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Art to the rescue of underprivileged children

April 03
21:51 2013

ArtTime spent eking out a liv-ing on the railway station sketching portraits has prompted artist and art teacher Ganga Narayan Maharana, to reach out to children from the underprivileged and bring out their talent in art.

Maharana, who hails from Orissa and has degrees in fine art from colleges in Bubhaneshwar and Shantinekatan has taken upon himself to “bring out the hidden artistic talent” of children who do not have the means or access to study and develop their abilities in drawing sketching, painting and music among other art forms.

“I have not won any national award but have conducted art shows all across the country. I want to do something for those who are lesser privileged than me, especially children,” says Maharana.

The artist who had in the year 2003 set up the Manorama School of Fine Arts, holds special classes for children, including those from slum areas, five days every week in Mehrauli area here.

“When I came to Delhi I was employed with an ad agency but soon became unemployed when it shut down. I roamed around the railway stations drawing and sketching portraits of people. Somehow, one day a principal of a school discovered me and now am working as an art teacher there. However, it is hard to forget my experiences and that drove me to vow to do something to help others,” says Maharana.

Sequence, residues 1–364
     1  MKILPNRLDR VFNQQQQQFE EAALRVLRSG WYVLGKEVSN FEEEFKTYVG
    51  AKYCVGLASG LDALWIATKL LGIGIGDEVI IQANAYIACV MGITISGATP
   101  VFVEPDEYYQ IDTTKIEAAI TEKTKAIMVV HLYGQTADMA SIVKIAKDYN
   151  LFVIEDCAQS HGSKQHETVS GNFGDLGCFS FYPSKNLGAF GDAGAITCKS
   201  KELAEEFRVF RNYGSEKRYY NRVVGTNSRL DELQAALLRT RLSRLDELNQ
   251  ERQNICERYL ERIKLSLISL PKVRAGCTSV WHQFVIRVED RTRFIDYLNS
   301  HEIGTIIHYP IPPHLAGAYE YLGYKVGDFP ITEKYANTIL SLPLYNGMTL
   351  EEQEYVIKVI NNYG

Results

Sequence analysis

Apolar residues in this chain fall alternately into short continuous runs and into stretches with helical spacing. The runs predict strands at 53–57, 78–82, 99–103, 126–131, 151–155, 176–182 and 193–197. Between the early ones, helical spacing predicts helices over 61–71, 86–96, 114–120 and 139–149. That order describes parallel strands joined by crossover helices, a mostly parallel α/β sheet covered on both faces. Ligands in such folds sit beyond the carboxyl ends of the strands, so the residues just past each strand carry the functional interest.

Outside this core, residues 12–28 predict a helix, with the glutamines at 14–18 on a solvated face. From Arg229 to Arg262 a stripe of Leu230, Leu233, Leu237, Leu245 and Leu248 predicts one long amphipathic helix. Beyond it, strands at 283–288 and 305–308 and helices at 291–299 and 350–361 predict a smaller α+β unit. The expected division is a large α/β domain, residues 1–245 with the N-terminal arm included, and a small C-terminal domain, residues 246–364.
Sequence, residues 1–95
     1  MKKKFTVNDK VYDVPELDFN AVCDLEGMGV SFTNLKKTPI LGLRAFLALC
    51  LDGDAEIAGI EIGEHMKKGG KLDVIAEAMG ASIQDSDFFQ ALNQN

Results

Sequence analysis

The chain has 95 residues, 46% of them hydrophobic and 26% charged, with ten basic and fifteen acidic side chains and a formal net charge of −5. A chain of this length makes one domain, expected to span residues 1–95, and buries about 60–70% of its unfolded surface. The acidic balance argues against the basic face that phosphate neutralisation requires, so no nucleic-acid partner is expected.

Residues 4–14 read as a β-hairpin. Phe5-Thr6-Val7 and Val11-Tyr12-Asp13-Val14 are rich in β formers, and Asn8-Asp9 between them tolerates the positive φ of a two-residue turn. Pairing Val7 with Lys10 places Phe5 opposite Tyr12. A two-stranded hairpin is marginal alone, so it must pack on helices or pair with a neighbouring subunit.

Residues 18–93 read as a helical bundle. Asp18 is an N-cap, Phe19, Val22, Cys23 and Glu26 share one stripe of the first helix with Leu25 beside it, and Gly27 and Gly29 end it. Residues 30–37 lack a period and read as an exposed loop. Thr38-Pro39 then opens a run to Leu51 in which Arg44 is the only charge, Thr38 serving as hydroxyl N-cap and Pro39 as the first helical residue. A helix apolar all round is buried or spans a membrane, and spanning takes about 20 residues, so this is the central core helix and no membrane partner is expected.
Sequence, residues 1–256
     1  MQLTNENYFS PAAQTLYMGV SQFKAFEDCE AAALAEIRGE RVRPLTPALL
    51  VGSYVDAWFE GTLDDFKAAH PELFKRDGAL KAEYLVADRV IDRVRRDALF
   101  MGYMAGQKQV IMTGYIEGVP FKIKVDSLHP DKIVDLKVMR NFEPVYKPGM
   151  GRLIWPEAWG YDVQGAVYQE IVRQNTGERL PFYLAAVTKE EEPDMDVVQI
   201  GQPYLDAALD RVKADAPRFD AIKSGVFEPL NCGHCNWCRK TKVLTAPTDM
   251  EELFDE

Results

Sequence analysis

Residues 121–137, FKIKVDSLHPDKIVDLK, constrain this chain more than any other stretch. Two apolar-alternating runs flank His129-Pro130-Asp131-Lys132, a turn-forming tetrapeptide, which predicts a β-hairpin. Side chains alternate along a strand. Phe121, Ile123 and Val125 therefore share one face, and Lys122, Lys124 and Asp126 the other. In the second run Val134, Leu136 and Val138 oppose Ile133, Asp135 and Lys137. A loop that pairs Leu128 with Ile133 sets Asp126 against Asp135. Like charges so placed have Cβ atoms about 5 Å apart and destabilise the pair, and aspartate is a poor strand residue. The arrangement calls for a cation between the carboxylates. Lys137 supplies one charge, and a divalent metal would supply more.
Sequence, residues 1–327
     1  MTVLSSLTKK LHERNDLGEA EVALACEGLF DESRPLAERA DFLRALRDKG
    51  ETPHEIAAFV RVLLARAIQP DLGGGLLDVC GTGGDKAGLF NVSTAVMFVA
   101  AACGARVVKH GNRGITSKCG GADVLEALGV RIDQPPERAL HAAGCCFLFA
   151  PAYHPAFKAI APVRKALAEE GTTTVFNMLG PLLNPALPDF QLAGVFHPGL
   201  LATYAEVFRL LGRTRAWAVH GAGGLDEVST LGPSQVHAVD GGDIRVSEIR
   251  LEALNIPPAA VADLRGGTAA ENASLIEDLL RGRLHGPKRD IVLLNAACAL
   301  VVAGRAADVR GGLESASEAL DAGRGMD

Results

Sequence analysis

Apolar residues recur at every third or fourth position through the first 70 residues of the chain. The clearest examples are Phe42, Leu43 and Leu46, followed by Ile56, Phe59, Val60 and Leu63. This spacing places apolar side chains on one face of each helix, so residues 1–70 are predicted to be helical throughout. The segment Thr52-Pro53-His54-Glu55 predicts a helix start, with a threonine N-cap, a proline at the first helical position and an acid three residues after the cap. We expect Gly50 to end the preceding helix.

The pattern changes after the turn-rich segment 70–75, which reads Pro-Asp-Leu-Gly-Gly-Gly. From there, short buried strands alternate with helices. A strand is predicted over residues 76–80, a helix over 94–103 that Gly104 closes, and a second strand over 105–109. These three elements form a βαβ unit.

For the past seven years Maharana’s school has also been conducting, once every two years, an exhibition-cum-sale of artworks produced by his students.

“Most of my students have made it into prestigious Art and Design colleges. Some of them have even started their own ventures. I am very proud of them,” says the artist.

“Kahan Gaya use doondo” (Find out where it is hidden) is the motto of his school. “There are many children who waste their lives by taking drugs at roadside. I seek them out and give them free guidance, art materials, venue, etc. so that realize their inner talent and get confidence to express their inner self through sketches and painting,” says the 46-year-old artist.

Students from public schools too come to study under Maharana and their works are also included in the biannual exhibition.
This year the “Seedlings” exhibition is being held from March 1 to March 5 and comprises art work of 40 children.

Art critic Suneet Chopra says, “The works reflect the hope and confidence art breeds in human beings in times of adversity and uncertainty. And efforts like these need to be
helped to get beyond the seedling stage to become contributions to our history of art and carry forward our art traditions beyond new heights and frontiers.”

Nine-year-old Trinayan Bordoloi, a class IV student, who bubbles with energy, has an avid interest in technology could not remain still for long. “However once his hidden inherent art interest was noticed by his parents who encouraged him to hone his skills and has been passionately learning the nuances of art work,” says Maharana.

Trinayan has put up a mixed media painting for the “Seedlings” exhibition. Deeksha Sharma, who is pursuing her MBBS from Jamia Hamdard is also participating in the show says, “I enjoy exploring the world of creativity and colors.” Among the 40 children whose works are being exhibited include artists as young as 7 years.

“Selling the artworks we get around Rs 8000 to Rs 10,000 which are given to the underprivileged students to help them continue their studies,” says Maharana. -PTI



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